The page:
Live review from Underground 110:
4. Sound of Silence (Simon & Garfunkel cover)
If there’s one word to describe this band, that word would be ‘polished’. The3Think are the kind of band that sound like they’re ready to play to huge audiences from the very first song, and this night wasn’t an exception. They announced themselves on with a huge, Van Halen-esque riff, to which were added poppy-fast drums and a dash of keyboards. Indeed, if there’s anything that unites their songs it would be their dance-rock mood. All these songs are meant to be danced to, and it appears to work. While they change styles mildly, from the metal-ish 不可一世 to the clubby 風林火山 to light funk in 世界真細小, there is an undeniable feeling that the corners have been sanded out of the sound, and it’s all interpreted through the pop—oriented mindset of wanting to simultaneously appeal to as many people as possible. And, though I often make it sound otherwise, there’s nothing wrong with that, for they don’t pretend to be anything other than entertainers, and they’re good at it. They do also play their instruments generally competently, which is an improvement upon groups that don’t. Their singers have very nice voices, harmonise well, and are generally able to carry off the songs well. However, the focus on pop seems to make peoples’ instrumental imaginations rusty, and this appears to be the case with this band as well; there’s a feeling of tedious sameness among their songs that I think stems from not trying different things. They clearly want to sound different, which was reflected in 張開手擁抱 which, according to a fellow attendee, sounds like “Cantopop trying not to be Cantopop”. So, while they’re good at entertaining their standard audience, I put it to them that if they tried a few things not typical to pop music they would become more entertaining, not less so.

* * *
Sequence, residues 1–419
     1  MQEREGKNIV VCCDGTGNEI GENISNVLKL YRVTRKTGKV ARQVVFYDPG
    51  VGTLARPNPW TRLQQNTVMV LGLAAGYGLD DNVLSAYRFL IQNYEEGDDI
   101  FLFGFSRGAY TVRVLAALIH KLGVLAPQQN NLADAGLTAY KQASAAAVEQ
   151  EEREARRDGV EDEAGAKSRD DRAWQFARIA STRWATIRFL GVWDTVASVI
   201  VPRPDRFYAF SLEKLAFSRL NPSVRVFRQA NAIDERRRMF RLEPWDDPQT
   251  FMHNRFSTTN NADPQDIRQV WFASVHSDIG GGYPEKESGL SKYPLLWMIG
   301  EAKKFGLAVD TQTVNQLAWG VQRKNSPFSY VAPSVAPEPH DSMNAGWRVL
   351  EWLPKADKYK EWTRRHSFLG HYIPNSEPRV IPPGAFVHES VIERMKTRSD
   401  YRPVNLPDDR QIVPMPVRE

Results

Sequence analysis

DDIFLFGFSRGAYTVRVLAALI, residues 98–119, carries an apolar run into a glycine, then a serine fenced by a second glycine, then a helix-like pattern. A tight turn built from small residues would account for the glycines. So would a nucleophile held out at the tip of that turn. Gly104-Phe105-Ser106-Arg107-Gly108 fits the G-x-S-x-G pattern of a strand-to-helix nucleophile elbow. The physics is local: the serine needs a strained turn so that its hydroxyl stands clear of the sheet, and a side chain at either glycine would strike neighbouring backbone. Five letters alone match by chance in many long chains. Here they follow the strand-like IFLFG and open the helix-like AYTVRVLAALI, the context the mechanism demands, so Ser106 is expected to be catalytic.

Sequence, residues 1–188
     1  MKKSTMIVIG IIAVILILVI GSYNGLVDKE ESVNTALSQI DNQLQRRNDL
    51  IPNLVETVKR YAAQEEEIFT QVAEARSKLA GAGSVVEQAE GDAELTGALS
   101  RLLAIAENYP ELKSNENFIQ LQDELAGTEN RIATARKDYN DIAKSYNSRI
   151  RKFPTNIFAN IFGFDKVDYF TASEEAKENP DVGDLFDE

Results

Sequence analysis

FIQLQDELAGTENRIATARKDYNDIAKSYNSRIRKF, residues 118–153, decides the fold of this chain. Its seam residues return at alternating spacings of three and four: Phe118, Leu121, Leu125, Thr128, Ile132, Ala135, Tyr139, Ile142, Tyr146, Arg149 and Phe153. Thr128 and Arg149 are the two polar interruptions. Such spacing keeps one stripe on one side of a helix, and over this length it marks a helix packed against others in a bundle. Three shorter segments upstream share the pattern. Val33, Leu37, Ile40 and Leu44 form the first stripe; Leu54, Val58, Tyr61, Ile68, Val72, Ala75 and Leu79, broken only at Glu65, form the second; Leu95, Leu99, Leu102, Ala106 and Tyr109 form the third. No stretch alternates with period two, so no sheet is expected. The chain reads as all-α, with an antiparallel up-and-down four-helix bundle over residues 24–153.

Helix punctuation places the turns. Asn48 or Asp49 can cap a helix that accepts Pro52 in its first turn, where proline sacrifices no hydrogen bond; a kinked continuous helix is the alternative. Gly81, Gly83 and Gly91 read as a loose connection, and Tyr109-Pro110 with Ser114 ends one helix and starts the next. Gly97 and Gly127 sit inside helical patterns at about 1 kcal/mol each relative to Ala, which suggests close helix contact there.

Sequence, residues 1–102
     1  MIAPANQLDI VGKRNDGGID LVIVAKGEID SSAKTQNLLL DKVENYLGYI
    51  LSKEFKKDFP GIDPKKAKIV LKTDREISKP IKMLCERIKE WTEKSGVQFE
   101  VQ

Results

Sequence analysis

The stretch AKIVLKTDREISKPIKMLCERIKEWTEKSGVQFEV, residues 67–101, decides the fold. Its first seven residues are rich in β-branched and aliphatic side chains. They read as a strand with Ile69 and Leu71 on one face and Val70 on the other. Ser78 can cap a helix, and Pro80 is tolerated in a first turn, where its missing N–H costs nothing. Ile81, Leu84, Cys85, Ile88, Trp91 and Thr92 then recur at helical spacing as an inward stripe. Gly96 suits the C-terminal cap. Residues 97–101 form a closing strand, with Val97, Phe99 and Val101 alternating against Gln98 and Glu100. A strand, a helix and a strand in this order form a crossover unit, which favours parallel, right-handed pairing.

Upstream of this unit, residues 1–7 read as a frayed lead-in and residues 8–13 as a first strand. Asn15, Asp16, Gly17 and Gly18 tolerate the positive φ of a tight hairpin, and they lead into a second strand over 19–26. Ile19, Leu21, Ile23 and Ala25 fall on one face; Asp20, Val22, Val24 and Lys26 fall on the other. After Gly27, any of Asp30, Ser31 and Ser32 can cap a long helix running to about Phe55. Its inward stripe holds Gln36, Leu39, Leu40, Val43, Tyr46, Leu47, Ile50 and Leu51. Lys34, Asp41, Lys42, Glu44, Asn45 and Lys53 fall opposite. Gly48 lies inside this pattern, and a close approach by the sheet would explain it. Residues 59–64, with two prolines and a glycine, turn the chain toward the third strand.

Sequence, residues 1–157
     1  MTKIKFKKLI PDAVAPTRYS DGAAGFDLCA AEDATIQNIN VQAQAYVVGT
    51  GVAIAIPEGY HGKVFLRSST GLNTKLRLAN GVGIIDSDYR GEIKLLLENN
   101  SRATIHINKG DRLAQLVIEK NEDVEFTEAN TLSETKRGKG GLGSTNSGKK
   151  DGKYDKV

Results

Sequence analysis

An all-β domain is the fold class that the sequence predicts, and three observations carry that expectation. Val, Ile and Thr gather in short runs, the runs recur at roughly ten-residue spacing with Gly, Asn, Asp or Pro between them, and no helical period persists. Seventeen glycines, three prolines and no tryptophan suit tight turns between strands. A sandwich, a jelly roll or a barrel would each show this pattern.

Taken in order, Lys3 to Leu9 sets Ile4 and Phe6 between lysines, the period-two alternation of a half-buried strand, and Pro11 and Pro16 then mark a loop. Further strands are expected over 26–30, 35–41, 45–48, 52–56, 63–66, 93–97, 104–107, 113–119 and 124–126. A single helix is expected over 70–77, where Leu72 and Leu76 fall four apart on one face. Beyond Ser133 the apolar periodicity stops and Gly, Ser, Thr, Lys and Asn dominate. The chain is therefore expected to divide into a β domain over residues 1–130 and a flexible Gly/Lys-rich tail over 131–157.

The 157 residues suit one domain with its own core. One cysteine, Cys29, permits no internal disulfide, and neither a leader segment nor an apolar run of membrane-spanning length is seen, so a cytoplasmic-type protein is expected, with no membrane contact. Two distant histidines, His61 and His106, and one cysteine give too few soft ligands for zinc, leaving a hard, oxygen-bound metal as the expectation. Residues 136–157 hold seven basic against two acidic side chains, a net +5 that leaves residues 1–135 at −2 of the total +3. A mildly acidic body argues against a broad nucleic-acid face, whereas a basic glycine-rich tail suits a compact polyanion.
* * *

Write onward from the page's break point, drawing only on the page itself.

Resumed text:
— Shashwati Kala